note that some seats might be ok inflight, but not takeoff/landing. That what a BA steward told us - however we were allowed to use our Britax seat. The things he was looking for: Lap belt goes around the frame of the carseat (as in the seat has a path that will allow a lap belt to secure the frame of the carseat to the plane seat). The strap material needs to be high quality - many car seats apparently have material ok for car speeds, not plane speeds (500+ km/h).– IdaAug 20, 2014 at 16:41
2disagree with bulk head seats: Most planes these seats do NOT have extra space - my avg. height husband was cramped here. In addition, you can't put things like snacks, toys and diaper bag underneath the seat in front of them.– IdaAug 20, 2014 at 16:43
Concerning bulk-heat seats: Ask for a bassinet. Those have three key benefits: 1) guarantees a bulk-head seat free of charge, 2) Depending on the child's size - a great place to sleep. 3) During awake/lap time offer a lot of storage place for utilities (toys/feeding equipment/sleeping bag/...)– magu_Jun 14, 2017 at 15:29
Buy a bunch of cheaps toy that the child has never played with.
Bring something like a travel etch-a-sketch or some craft things that can be played repeatedly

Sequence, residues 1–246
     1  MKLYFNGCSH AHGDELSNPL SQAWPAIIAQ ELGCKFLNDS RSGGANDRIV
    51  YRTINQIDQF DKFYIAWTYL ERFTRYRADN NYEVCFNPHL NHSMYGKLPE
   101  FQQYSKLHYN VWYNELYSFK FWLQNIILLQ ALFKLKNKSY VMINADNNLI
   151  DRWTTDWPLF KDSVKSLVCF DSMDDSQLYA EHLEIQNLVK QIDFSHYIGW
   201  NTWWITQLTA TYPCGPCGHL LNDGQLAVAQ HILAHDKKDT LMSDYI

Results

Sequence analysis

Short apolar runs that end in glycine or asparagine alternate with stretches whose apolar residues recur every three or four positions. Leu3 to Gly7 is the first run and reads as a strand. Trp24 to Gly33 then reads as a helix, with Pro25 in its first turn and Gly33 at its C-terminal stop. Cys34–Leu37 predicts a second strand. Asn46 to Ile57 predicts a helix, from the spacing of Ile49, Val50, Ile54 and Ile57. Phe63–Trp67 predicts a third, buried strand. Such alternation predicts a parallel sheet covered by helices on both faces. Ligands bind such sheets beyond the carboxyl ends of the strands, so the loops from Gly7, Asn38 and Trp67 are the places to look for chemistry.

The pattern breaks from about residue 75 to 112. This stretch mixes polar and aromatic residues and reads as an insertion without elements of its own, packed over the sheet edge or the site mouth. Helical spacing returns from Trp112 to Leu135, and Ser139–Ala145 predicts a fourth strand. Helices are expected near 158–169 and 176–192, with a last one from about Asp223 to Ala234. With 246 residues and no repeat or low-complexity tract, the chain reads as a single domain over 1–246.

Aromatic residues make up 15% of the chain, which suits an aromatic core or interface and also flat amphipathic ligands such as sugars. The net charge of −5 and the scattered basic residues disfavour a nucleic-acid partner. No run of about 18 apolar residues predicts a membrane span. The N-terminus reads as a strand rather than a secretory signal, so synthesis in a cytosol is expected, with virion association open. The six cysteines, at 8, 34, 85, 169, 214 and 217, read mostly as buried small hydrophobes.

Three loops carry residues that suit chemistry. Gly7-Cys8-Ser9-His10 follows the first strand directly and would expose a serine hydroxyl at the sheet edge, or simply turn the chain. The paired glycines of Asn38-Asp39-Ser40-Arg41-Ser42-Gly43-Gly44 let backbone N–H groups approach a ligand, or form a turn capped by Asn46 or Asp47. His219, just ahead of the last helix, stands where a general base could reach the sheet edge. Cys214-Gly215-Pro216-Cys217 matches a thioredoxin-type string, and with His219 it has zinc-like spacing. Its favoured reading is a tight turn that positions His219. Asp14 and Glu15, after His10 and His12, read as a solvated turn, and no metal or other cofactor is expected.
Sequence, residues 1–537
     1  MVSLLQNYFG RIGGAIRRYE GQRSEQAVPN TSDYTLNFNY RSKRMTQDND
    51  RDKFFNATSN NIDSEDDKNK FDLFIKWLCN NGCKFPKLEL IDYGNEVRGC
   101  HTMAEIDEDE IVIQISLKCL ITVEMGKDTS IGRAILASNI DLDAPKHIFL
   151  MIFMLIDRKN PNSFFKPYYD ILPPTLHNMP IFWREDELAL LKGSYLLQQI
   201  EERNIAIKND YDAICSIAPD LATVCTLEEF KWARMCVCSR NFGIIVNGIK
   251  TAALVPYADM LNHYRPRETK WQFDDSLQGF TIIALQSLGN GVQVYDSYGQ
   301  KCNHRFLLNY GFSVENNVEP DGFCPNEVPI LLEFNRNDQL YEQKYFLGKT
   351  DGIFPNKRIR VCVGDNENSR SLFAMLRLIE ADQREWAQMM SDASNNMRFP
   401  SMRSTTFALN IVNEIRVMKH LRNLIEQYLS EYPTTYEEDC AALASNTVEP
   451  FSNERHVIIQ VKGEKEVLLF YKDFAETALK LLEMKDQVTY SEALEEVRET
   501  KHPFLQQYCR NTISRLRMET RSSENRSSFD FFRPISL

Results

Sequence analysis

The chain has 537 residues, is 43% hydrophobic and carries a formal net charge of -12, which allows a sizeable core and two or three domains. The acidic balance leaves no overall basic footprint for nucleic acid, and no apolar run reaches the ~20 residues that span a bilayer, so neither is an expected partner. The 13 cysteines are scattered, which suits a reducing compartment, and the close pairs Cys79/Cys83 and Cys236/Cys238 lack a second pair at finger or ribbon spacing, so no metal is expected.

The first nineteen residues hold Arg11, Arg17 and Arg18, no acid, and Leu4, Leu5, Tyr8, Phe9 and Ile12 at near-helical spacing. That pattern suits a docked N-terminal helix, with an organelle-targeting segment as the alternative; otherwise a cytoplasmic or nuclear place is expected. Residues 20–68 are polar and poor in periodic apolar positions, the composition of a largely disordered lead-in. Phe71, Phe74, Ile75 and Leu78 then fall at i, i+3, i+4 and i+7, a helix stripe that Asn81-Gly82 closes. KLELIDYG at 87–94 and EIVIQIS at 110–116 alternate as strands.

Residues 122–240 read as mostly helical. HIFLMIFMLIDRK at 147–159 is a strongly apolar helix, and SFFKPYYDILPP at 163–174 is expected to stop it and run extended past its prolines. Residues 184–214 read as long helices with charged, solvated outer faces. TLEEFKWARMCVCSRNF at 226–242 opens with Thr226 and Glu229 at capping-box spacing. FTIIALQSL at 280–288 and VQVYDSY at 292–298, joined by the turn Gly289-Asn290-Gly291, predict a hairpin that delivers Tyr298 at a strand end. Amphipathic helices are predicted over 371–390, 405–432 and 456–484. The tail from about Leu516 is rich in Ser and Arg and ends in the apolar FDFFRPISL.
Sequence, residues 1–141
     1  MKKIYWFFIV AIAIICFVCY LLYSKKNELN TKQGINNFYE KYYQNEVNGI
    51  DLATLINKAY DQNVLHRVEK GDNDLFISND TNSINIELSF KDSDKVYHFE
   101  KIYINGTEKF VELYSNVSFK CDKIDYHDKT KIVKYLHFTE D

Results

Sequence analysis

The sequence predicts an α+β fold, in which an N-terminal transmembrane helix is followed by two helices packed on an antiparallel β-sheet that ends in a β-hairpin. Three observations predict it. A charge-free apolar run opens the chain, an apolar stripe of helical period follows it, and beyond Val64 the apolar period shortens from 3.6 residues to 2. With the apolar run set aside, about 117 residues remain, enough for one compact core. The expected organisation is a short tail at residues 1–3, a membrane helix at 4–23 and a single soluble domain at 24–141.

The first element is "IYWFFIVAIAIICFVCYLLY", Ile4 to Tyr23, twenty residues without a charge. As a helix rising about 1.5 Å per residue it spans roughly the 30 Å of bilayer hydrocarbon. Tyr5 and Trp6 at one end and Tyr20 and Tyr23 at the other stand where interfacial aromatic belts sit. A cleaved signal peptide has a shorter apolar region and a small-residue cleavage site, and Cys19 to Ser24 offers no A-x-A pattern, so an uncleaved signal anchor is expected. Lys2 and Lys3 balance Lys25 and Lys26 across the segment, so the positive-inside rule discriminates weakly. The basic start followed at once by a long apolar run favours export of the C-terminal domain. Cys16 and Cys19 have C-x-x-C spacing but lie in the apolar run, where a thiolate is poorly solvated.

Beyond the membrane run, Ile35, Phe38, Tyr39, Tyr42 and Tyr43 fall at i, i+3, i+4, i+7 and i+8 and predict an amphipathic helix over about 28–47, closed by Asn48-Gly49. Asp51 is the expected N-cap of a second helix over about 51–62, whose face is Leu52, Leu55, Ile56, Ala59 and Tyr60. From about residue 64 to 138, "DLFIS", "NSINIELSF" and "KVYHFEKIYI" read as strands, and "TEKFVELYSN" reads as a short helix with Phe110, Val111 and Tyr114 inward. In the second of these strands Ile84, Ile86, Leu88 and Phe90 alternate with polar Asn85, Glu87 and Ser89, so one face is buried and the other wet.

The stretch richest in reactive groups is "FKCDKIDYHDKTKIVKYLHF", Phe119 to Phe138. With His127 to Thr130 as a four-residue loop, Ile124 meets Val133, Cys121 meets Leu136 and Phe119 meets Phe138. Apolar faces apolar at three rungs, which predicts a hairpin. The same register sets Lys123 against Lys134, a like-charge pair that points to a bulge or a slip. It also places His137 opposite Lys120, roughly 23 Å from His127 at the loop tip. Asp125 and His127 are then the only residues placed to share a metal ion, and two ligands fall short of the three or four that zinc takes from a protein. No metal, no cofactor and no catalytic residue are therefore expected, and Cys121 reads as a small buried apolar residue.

Ensure he has his midday nap, this usually knocks 2 - 3 hours off.
Try and find other young children on the plane that they can talk to. This works like a miracle.
Portable DVD player if there is no in-flight entertainment.
Plenty of snacks. We bring instant noodles as this is not junk food and takes my son at long time to eat.
Regular (once every 30 minutes) take them for a walk. This is limited in where you can go, but it helps a lot I found. You can take them to bathroom once an hour and every half an hour just take them for a loop either forward or backward through the kitchenette. The flight staff don't mind as long as you are not going into a different class section of the plane.
4not a whole lot of talking going on at 20 months IMHO Apr 15, 2011 at 7:12
8For those people aren't clever enough, a child doesn't have to be able to read Shakespeare to communicate with children the same age or older. 'Talk to' doesn't mean to sit down and discuss politics, I could have easily said play with.– goingApr 17, 2011 at 22:08
2I am sorry you found my comment upsetting. I was just pointing out that the OP said the child was 20 months old and may not be able to constructively talk to, much less play, with other children at that age without extremely close supervision. YMMV. Apr 17, 2011 at 22:14
2@Jeff - I included my answer from personal experience. Having taken my son on 4 x 10 hour flights since he was 7 months old. Having other children there to 'talk to' or 'play with' saves me having to entertain him for most of the trip. There is limited space on a plane and if you bring some toys both children can enjoy each other's company. I don't feel your comment is constructive or accurate. Two 20 month olds have enough speaking ability to play together on a plane.– goingApr 17, 2011 at 22:22